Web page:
Magazine article Insight on the News

Old Warrior of Civic Virtue Gets Caught in Middle

Magazine article Insight on the News

Old Warrior of Civic Virtue Gets Caught in Middle

Article excerpt

One morning 10 years ago, I was dozing at my desk at a Washington think tank, the Wall Street Journal held up before me as camouflage. I came across an article by some guy named Stockdale. I read it, noted his location in California, grabbed the phone and a few minutes later said something like: "I'm flying out to meet you. When can you see me?" Thus began a relationship that lasted most of the 1980s, the years when Jim was discovering the larger meanings of his own experience.

That relationship began anew the evening of the vice presidential debate, as I watched an old warrior, flanked by two slick baby boomer pols, flummox about. It was terrible to see - not least of all because I knew that Jim's real message, his truth could never be heard, let alone prevail, in that taw-dry forum.

America knows Jim Stockdale primarily as a "senior Vietnam prisoner of war" who won the Medal of Honor for "organizing resistance" among the other POWs. But Jim once described himself, more accurately, as "the lawgiver of an autonomous colony of Americans who happened to be located in a Hanoi prison." During those years of almost unimaginable heroism, he was not simply adhering to the dictates of his profession, or his conscience. He was the founding father of one of the most remarkable civilizations of the 20th century.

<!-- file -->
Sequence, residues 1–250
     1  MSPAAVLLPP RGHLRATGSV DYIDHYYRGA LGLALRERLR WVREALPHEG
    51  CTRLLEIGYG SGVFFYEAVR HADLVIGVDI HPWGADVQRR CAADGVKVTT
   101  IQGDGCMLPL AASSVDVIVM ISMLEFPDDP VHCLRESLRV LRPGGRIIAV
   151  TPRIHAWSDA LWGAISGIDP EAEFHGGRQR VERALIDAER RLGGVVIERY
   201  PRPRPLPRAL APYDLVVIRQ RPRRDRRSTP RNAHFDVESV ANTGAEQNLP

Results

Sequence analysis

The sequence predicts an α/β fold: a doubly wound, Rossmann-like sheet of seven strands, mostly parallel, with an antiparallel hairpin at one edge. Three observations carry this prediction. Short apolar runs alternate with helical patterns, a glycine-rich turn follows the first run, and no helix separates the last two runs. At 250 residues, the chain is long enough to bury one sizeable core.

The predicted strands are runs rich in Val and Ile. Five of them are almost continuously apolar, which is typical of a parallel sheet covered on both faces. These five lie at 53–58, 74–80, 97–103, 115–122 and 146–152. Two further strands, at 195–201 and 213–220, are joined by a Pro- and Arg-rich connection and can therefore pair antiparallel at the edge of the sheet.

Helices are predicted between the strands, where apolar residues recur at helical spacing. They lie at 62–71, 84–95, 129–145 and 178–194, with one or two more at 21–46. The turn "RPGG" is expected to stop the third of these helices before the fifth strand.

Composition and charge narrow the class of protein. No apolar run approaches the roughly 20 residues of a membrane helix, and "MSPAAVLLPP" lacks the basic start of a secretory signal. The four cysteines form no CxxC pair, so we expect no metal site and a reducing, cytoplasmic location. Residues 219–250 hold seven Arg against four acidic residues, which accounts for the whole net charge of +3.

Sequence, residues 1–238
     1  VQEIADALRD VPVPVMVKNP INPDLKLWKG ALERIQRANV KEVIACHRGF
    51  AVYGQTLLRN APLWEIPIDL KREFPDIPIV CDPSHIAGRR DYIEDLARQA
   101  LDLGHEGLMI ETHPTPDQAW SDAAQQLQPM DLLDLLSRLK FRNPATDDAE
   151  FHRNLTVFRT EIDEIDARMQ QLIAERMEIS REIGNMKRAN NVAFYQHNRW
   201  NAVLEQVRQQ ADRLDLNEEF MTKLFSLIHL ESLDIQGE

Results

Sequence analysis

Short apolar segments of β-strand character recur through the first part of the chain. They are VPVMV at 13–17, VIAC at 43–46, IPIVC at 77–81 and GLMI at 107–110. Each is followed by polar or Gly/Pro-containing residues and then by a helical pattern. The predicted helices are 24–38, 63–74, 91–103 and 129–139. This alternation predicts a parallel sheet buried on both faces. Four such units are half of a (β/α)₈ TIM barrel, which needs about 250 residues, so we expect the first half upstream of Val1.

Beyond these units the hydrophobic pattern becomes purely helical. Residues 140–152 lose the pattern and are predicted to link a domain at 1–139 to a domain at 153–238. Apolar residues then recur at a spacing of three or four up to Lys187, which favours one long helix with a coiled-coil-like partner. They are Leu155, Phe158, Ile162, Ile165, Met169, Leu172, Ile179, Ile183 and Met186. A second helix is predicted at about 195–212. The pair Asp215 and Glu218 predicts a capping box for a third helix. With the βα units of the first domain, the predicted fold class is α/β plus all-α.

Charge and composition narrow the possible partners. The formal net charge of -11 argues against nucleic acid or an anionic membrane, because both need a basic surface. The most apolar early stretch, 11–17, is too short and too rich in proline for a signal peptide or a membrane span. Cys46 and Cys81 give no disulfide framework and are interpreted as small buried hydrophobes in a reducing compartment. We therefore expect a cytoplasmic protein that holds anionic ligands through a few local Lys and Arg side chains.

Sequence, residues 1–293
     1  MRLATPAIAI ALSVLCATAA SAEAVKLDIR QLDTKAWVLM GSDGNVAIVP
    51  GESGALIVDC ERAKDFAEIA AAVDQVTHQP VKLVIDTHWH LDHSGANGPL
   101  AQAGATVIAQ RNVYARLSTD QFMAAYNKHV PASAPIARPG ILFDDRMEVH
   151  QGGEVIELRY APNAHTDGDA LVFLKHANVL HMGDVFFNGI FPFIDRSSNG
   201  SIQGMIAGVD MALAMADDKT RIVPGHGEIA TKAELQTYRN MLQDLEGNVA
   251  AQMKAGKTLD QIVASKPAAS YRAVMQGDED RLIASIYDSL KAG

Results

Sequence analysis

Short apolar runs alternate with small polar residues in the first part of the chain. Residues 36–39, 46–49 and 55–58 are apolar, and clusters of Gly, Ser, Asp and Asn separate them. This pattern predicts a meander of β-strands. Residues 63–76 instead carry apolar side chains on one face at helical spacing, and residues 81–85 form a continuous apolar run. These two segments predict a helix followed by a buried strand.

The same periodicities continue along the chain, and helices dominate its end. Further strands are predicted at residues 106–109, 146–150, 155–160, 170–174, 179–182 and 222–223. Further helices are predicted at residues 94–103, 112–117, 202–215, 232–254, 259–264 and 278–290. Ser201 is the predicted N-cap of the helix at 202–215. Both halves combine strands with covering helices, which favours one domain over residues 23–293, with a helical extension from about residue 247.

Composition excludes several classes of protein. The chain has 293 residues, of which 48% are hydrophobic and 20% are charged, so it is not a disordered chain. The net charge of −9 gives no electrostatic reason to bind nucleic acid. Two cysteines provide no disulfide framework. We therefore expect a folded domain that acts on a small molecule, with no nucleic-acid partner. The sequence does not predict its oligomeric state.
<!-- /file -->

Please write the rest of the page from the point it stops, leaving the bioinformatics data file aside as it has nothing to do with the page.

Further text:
Rather early in their captivity, Jim and the other residents of the Hanoi Hilton discovered two things. First, they were not prisoners in the usual sense - a nuisance to their captors, bodies to be fed, housed, guarded. They were a vital potential asset. If the prisoners, most of them officers and many career military, could be coerced into making antiwar and anti-U.S. statements, Hanoi could score significant propaganda victories. (Jim was especially vulnerable. He'd flown in both Tonkin Gulf incidents and knew that his government had lied about the second. He kept his secret.) The North Vietnamese, in order to compel "antiimperialist" statements, used endless interrogation, isolation and systematic torture. And, during the war's critical years, they forbade the prisoners, in their one-man cells, to communicate with each other; attempts at conversation brought painful reprisal. The only means of communication available to the prisoners was tapping on the walls in code when no guards were visible.

Second, the prisoners learned that in the torture chamber, the torturer wins. Neither discipline nor patriotism nor machismo nor ideals nor faith was adequate in the ropes. …

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